9 p.m. Sotomayor (Flamingo Cantina). Siblings Raul and Paulina Sotomayor make up the hip, electronic music project from Mexico City. Their cutting-edge beats also fuse rhythms like Peruvian chicha music. (Also plays at 3 p.m. Wednesday at the International Day Stage and 9 p.m. Thursday at Lucille.)

10 p.m. Julio Piña (Flamingo Cantina). These Chilean party instigators create hip-shaking cumbias sure to keep you dancing all night. (Julio Piña will also perform at 10 p.m. Wednesday at Russian House.)

11 p.m. Jenny and the Mexicats (Continental Club). An English female trumpet player walked into a flamenco club in Spain and met two Mexican musicians that changed her musical journey. They added a Spanish cajón player to the mix, and became rising stars playing bilingual genre-blending grooves that mesh everything from flamenco to rockabilly.

12:05 a.m. Kat Dahlia (Swan Dive). The buzz has been swirling around Miami-bred Cuban-American singer-songwriter Kat Dahlia. The up-and-comer released her debut album in 2015, and it’s inspired by pop, Latin, hip-hop and reggae. (Also performs at noon on Saturday at the Radio Day Stage.)

1 a.m. Locos Por Juana (Half Step). The Grammy-nominated Miami band has been shaking up the Latin music world for more than a decade with their hybrid sound and energetic live shows. Don’t miss the chance to see these party masters. (Also perform at midnight Saturday at Flamingo Cantina.)

Saturday

6 p.m. Systema Solar (SXSW Outdoor Stage at Lady Bird Lake). They’ve risen from the Colombian music underground and stormed the Latin alternative scene with their explosive shows that are an audio visual experience. Systema Solar blends Afro Carribbean and Colombian folk with everything from hip-hop, techno, house, cumbia and electronica. (Also perform at 1 p.m. Wednesday at the Radio Day Stage and 1 a.m. Thursday at Flamingo Cantina.)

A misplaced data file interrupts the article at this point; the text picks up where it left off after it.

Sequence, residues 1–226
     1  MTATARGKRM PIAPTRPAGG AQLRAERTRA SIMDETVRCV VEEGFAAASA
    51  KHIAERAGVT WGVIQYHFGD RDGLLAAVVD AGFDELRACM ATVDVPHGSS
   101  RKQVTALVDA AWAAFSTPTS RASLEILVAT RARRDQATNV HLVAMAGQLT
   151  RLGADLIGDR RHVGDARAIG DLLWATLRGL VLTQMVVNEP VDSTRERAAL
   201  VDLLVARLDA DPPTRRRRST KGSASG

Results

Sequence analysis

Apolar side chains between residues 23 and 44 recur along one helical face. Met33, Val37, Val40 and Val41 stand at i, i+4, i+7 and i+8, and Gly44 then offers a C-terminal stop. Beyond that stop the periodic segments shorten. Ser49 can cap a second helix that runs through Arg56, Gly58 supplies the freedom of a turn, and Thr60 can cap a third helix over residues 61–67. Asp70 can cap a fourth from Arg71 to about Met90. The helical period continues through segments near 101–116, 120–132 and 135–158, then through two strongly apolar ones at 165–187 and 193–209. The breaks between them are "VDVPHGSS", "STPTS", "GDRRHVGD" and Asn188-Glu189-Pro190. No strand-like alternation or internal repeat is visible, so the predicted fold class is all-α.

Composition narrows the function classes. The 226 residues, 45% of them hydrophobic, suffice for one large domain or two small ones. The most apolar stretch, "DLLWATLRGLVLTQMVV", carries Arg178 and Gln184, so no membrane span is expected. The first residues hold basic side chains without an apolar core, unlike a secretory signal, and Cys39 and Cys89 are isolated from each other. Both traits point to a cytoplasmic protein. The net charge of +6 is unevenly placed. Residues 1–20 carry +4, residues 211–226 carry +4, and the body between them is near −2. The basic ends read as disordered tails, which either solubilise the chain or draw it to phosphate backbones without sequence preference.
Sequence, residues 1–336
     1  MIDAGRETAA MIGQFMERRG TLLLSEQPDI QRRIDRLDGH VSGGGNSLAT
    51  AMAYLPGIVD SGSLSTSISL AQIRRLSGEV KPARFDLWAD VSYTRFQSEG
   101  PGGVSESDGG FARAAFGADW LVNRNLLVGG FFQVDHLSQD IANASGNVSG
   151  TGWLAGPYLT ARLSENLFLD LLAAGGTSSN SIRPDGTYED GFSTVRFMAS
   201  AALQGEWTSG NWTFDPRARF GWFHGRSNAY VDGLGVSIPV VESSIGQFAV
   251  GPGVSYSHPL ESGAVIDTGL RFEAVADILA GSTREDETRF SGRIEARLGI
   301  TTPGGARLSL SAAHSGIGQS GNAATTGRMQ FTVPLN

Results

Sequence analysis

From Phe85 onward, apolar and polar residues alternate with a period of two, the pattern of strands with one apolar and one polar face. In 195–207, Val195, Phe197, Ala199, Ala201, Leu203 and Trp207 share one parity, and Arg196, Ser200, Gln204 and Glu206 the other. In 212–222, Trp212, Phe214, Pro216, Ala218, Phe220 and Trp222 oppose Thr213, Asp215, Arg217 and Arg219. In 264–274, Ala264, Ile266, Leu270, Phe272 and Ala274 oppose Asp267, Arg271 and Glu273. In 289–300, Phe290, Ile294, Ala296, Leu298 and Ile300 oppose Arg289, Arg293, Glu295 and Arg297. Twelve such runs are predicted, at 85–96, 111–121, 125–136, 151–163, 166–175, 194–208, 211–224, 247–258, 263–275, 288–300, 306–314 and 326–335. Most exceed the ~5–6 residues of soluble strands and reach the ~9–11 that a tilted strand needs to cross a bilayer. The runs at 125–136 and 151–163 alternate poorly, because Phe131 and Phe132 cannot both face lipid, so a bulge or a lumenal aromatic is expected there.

8 p.m. Laguna Pai (Flamingo Cantina). The Peruvian reggae rockers weave socially conscious lyrics in their music focusing on issues like environmental conservation and equity.

9 p.m. Florencia Núñez (Stephen F’s Bar). Keep your eyes on this Uruguayan singer-songwriter whose impressive first album has been showered with accolades. She’s an exciting new voice in Latin indie music tying together influences from pop, jazz and folk.

10 p.m. Zona Tango (Elephant Room). You’ve never heard tango music like this before. Argentine multi-instrumentalist and composer Pedro Menendez’ ecclectic musical project creates a modern tango sound by fusing it with jazz, electronic and psychedelic rhythms.

11 p.m. Consulado Popular (Flamingo Cantina). Punk rock meets Colombian cumbia. (Also play at 1 a.m. Thursday at Speakeasy.)

12:50 a.m. Buyepongo (Speakeasy). Singer and percussionist Edgar “Meshlee” Modesto once described the Los Angeles band’s sound as music that’ll get you moving and thinking. Buyepongo released its album “Todo Mundo” earlier this year, which is full of pan-Latin rhythms that’ll nourish your soul.